by John Palmer
Formerly European Editor of The Guardian and Political Director of the European Policy Centre in Brussels
There is not much of a market just now for optimism about our economic, social, political or environmental future. In the wake of the Covid-19 pandemic, we face the worst economic crash in more than 100 years and potential climate change disaster. But the outcome of the marathon five day Brussels summit sets out a strikingly encouraging new direction for the European Union.
The significance of the Brussels summit is not simply the sheer size of the 1.2 trillion Euro stimulus to be given the EU economy but the unprecedented scale of the collective borrowing the EU will make on world financial markets to finance that recovery strategy. Of the 750 billion Euro to be invested in post Covid-19 economic recovery, an unprecedented 390 billion Euro will be in grants, not repayable loans. To pay for the increased collective borrowing programme, the summit also agreed – in principle – to new common EU taxes. These include levies on plastics, on polluting imports and a digital tax. Although details remain to be agreed this is a radical step towards a common EU fiscal policy.
The EU heads of government also agreed on a more than 1 trillion Euro seven-year EU budget. Opposition from some richer, northern European states meant the proposed budget, though much bigger than the current budget, is a little smaller than the Commission had originally proposed – something the European Parliament may be reluctant to agree to.
The success of the European Council marathon reflects the remarkable revival of a recently dormant Franco-German alliance. It also indirectly reflects the political impact of Brexit. The opposition of the so-called Frugal Four (Netherlands, Denmark, Austria and Sweden) was massively weakened by the absence of the traditionally super-sceptical UK government.
There was also strong support from the Italian and Spanish governments for an ambitious new direction for EU economic strategy in place of the discredited austerity obsessions of the past. The EU summit reflected growing acceptance by public opinion that the scale of the Covid crisis demands a radically different response.
The EU still faces the backwash from a looming global slump in output, trade and employment. This can only exacerbate already widening levels of wealth and social inequality with the worst impact being felt by the young. Authoritarian and/or unstable populist regimes from China and Russia to the United States, Brazil and India threaten a fragile global order with trade conflict and worse.
The next immediate challenge facing the EU is to act on the promise of a radical European Green New Deal. The proposals launched by the European Commission in December 2019, outline a comprehensive framework of regulations and legislation aimed at achieving the EU´s targets of net-zero carbon emissions by 2050, and a 50% to 55% cut in emissions from 1990 levels by 2030.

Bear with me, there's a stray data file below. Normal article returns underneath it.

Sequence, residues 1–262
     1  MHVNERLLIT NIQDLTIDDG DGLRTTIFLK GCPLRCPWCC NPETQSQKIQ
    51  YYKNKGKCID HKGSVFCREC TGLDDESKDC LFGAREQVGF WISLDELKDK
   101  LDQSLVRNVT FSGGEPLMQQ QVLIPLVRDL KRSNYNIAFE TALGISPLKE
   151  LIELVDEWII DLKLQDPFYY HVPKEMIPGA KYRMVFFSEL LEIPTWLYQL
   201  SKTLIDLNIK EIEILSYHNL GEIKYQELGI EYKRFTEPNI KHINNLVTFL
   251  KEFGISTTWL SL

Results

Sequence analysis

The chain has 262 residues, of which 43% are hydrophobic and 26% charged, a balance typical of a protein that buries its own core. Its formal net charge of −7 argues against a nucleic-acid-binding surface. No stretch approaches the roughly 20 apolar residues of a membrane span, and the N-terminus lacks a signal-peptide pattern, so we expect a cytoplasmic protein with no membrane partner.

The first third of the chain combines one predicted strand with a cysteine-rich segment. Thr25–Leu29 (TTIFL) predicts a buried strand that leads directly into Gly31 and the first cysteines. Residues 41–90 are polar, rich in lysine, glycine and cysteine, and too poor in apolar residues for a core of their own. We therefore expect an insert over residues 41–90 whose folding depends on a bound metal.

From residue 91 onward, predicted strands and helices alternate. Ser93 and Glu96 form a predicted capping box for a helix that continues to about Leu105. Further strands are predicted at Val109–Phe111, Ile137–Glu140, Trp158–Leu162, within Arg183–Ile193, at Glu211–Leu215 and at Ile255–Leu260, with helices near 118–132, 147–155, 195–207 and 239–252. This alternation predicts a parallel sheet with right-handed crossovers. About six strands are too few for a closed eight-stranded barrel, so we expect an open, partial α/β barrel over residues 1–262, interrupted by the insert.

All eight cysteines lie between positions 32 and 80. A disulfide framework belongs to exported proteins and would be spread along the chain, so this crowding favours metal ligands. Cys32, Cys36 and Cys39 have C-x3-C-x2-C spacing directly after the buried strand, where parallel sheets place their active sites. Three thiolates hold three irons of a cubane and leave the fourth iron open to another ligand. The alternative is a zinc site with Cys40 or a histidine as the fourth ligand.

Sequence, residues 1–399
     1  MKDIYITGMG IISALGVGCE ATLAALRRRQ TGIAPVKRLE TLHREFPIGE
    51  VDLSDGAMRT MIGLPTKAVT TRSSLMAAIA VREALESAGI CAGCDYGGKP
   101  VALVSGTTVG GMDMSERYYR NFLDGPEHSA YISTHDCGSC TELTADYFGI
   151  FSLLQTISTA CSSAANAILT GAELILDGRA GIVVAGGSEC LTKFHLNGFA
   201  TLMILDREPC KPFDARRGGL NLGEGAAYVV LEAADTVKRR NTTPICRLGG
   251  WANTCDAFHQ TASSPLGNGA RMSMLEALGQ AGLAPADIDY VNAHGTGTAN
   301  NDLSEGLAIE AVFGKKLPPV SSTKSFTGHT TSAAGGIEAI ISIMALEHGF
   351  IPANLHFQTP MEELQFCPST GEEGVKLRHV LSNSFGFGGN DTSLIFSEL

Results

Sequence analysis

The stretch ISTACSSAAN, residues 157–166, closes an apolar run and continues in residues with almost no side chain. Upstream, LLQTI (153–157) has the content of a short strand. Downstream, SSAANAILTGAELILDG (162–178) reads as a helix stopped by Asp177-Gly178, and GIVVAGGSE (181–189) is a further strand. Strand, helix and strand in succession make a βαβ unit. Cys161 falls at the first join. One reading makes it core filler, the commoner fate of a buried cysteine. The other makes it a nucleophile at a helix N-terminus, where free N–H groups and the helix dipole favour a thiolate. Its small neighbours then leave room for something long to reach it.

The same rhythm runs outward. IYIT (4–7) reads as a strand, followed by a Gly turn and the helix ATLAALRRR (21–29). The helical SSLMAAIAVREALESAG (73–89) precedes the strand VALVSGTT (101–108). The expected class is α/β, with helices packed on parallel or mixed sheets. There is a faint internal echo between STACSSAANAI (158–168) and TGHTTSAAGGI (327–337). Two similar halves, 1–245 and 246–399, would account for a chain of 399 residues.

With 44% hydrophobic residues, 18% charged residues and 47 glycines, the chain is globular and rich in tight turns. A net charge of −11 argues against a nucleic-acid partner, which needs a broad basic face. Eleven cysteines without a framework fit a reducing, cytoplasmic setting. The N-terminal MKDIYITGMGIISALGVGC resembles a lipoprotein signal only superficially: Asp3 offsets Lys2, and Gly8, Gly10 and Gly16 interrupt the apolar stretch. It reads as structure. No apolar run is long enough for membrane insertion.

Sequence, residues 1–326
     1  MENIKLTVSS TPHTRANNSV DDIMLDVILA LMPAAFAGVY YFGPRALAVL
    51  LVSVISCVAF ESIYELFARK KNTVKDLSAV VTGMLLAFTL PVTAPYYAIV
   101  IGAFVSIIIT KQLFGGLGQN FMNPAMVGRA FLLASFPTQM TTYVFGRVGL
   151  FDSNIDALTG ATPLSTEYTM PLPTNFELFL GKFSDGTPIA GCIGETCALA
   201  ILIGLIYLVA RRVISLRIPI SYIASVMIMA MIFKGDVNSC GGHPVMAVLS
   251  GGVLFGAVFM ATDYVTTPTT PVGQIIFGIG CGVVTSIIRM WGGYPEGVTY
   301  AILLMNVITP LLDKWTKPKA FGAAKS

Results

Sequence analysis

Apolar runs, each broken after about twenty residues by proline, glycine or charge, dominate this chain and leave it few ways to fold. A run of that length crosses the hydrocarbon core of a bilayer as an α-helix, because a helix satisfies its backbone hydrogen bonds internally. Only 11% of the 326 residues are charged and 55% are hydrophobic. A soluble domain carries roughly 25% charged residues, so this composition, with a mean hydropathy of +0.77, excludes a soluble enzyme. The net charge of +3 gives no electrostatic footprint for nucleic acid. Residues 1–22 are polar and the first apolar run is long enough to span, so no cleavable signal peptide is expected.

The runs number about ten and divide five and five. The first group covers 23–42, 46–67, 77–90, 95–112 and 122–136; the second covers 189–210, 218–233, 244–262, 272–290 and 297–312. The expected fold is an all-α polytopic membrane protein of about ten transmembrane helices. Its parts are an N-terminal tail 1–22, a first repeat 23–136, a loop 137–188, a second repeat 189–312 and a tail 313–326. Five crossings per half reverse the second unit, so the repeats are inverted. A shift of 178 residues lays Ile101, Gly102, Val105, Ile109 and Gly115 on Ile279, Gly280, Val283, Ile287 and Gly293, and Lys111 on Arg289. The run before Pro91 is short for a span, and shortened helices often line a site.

As the World Economic Forum has pointed out “Achieving this transformative agenda and making Europe a leader in the global climate transition requires a massive mobilization of public and private investments. The Commission estimates that reaching the net-zero 2050 target requires at least €1 trillion of public and private investment over the next decade.”
Much of the present global turbulence was prefigured in the financial and banking crisis collapse in 2007/8. Only after much confusion and dithering were measures taken by the EU institutions – notably by the European Central Bank – to avert a disastrous monetary fragmentation of the EU itself.
The strengthening of monetary union at that time was not matched by greater economic or fiscal integration. Indeed, the grip of free market austerity economics and visceral opposition to fiscal transfers to poorer Member States remained as strong as ever in some key EU states – notably Germany. The scandalous imposition of an economic straight jacket on the Greek people a decade ago shook the very foundations of the EU itself.
A little over a decade later and the political and ideological mood across the EU is changing radically. Austerity economics are discredited. Gross social and wealth inequality are seen as intolerable. There is greater awareness across the EU of the fragility of the natural world and how its gradual destruction incubates life-threatening pandemics. Nowhere are these changes more striking than in Germany.
It is still too soon to predict with any confidence how the EU will collectively respond to these wider global economic, social and climate change challenges. But having taken the first significant steps towards an eventual system of European Union economic governance since the era of Jacques Delors we can take some encouragement from the outcome of the Brussels summit.
The logic of the changes which were agreed by the five day Brussels EU summit may, however, demand still further and more radical changes in future. It against this background that the European Union will have to decide whether the wind of change must also sweep through the forthcoming Convention on the Future of Europe and lead to major new reforms of the EU constitution itself.